This habit drove Gillan’s bandmates crazy. Bongos certainly did not fit with Black Sabbath’s look. The rigid and eccentric Gillian bemoaned that he didn’t know what to do with hands otherwise. He tried to justify his reliance on his beloved bongos by the fact that he had used them with Deep Purple. Some people dubbed Sabbath with Gillian “Deep Sabbath.” It had also been a struggle to tame Gillan’s flamboyant style of dress. — It was very difficult for Sabbath to find someone who actually fit their style. It is surprising how many musicians did not want to adapt to the band’s style and content. — Before long, the impish Gillan flew off to reunite with his Deep Purple bandmates. The self-proclaimed “worst singer Black Sabbath ever had” was another one of Don Arden’s brilliant ideas. Don put the cart before the horse and pushed Gillan into Sabbath before he was ready to join.
Ian attracted crowds, but another strike against him was that he failed to learn Sabbath’s lyrics. Gillian had an especially difficult time with “Iron Man.” One night, Ian spent an entire show bending to his knees at intervals to try to wave away clouds of dry ice that obscured the sheets on which his lyrics were written. Dry ice, which had been used on more than one tour, ice similarly backfired on Vinny Appice, who left Sabbath before Gillan joined, when a piece flew down his pants and into the crack of his rear. He had to finish the show sitting on a pillow. On Appice’s first show with Sabbath, thunder cracked, and rain immediately drenched his drum charts.
In all fairness to Sabbath’s members, the band’s frequent lineup changes and hefty demands often spelled disaster. At one show in Athens in 1987, Tony Martin forgot his lyrics. After he had resumed, the crowd mobbed the stage and began climbing and swinging from the lighting poles. “There were kids hanging like monkeys in the rigging…” Tony tried to kick people away, but the masses pulled at the band. Black Sabbath ran into their dressing room where they were locked away.
16. Black Sabbath and HIM were almost in-laws… sort of.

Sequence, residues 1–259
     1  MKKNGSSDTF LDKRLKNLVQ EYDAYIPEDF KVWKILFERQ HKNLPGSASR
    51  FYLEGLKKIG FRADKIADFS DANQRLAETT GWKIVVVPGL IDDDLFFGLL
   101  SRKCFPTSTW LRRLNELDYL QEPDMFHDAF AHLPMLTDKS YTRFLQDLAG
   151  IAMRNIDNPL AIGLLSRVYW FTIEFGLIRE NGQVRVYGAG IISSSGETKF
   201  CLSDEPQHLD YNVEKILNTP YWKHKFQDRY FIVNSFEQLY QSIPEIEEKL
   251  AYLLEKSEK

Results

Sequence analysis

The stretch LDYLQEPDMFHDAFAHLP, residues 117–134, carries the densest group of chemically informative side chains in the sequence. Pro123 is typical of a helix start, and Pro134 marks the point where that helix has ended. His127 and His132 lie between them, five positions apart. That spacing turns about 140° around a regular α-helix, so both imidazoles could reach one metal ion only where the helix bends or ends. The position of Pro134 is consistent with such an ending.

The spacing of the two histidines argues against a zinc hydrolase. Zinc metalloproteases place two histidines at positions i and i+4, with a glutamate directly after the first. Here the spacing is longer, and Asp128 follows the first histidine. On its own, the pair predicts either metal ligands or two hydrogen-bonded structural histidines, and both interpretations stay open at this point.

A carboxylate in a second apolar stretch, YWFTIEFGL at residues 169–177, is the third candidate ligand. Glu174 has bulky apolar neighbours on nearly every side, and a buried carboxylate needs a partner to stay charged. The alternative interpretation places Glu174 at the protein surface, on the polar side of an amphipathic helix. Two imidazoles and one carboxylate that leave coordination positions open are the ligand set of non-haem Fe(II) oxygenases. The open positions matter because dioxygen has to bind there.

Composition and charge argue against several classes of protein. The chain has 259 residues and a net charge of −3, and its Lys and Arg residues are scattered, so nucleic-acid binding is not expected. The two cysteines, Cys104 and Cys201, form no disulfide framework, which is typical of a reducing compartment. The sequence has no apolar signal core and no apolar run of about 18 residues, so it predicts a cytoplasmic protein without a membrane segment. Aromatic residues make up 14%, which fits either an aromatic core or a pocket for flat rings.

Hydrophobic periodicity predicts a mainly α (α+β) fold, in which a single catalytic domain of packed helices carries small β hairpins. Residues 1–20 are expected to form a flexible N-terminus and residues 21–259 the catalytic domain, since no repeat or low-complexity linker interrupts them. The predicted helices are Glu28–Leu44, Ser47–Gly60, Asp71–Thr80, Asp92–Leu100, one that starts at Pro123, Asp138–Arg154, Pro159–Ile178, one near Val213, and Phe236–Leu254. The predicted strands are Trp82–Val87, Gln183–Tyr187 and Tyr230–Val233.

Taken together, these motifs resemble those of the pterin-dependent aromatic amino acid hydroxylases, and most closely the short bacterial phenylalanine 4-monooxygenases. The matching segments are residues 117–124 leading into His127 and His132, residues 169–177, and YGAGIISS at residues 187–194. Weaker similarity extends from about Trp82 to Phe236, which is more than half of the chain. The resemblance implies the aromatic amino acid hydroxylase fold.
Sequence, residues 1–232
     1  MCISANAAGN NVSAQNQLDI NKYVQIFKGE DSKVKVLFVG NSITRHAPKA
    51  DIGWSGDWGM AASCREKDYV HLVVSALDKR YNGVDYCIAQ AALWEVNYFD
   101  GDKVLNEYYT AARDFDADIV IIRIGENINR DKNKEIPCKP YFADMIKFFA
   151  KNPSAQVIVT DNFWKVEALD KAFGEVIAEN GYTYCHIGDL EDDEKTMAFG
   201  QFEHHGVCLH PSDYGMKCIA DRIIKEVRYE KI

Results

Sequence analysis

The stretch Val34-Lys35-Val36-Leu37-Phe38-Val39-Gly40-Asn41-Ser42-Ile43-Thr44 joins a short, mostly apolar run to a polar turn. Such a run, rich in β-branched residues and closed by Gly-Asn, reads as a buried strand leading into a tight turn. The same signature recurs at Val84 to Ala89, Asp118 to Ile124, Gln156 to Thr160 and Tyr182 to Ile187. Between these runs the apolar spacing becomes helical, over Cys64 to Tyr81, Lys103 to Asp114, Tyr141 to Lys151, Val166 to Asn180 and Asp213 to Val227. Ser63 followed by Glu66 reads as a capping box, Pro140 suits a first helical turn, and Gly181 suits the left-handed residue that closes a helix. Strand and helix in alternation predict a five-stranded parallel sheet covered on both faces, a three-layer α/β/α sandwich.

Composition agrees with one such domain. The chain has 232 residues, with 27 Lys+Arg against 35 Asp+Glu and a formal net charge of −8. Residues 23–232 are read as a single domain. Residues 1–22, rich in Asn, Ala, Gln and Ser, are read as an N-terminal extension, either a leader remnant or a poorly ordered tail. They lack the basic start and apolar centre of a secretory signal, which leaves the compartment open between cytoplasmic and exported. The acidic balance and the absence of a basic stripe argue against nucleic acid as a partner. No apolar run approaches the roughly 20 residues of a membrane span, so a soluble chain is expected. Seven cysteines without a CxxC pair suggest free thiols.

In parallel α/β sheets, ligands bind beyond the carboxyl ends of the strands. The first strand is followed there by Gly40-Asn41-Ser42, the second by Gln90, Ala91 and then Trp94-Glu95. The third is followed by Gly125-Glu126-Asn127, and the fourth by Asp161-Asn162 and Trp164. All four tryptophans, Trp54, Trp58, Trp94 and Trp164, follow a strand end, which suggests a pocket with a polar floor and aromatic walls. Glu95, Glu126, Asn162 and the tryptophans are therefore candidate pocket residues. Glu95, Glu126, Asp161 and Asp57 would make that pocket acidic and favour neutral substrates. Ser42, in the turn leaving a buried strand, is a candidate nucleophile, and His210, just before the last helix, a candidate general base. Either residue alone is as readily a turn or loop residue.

In 2010, HIM’s guitarist “Linde,” Mikko Viljami Lindström, became engaged to Tony Iommi’s American-born daughter and only child, Toni-Marie Iommi. They eventually separated. In the meantime, however, Linde and Tony worked together in the supergroup WhoCares (2011-2012), which also featured Jason Newsted, Ian Gillan, etc. Even Dio made an appearance on “Smoke on Water” on Ian Gillian & Tony Iommi: WhoCares (2012). WhoCares was a charity project to help rebuild a music school in Gyumri that had been destroyed by the 1988 Armenian earthquake. Iommi had also participated in another star-studded version of “Smoke on Water” with Rock Aid Armenia in 1989.
HIM has always been hugely inspired by Black Sabbath. “Paranoid” is one of vocalist Ville Valo’s favorite songs. HIM even recorded their second studio album Razorblade Romance (2000) in Rockfield Studios in Wales where Sabbath had recorded. — Ozzy appeared in the documentary Rockfield: The Studio on the Farm (2020). — Kelly Osbourne is a HIM fan. The band was set to tour with Ozzfest in 2003, yet plans were cancelled when Ozzy suffered from his horrific nearly fatal ATV accident. Finally, HIM was able to participate in Ozzfest with bands like Velvet Revolver in 2005. HIM has covered Sabbath’s “Hand of Doom.” Early on, HIM contemplated the name Black Earth — Sabbath’s name had been Earth for a time until the saw people filing into one gig in ballgowns and realized that the venue had booked the wrong Earth. — One of Linde’s many projects was called Flat Earth.
17. The band actually asked Ronnie James Dio not to sing about rainbows, dungeons, and/or dragons.
Ronnie responded to his bandmates’ plea for darkness: “I’ve always used rainbows!” Refraining from writing about his mythic “obsessions” was a near impossible task for Ronnie. The ex-Rainbow singer’s internal world was brimming with “kings and queens,” monsters and maidens, etc. Ronnie was very particular in his talents and ways. Although Geezer was also a brilliant lyricist, Ronnie preferred to compose his own lyrics. Ronnie liked to write while watching sports. We wonder if Ronnie ever tried to get into a Sabbath-state-of-mind with the New York Yankees’ or Giants’ announcer shouting the score in the background. Ronnie’s love of dragons was embodied by Dean the Dragon, the famous prop used on his tour for Sacred Heart. Dean symbolically gave way on the last Sacred Heart show in Japan. Dean’s head, Ronnie’s sword collection, and 665 of the star’s prized possessions were auctioned in 2018.
18. Wendy Dio and Sharon Osbourne were actually friends.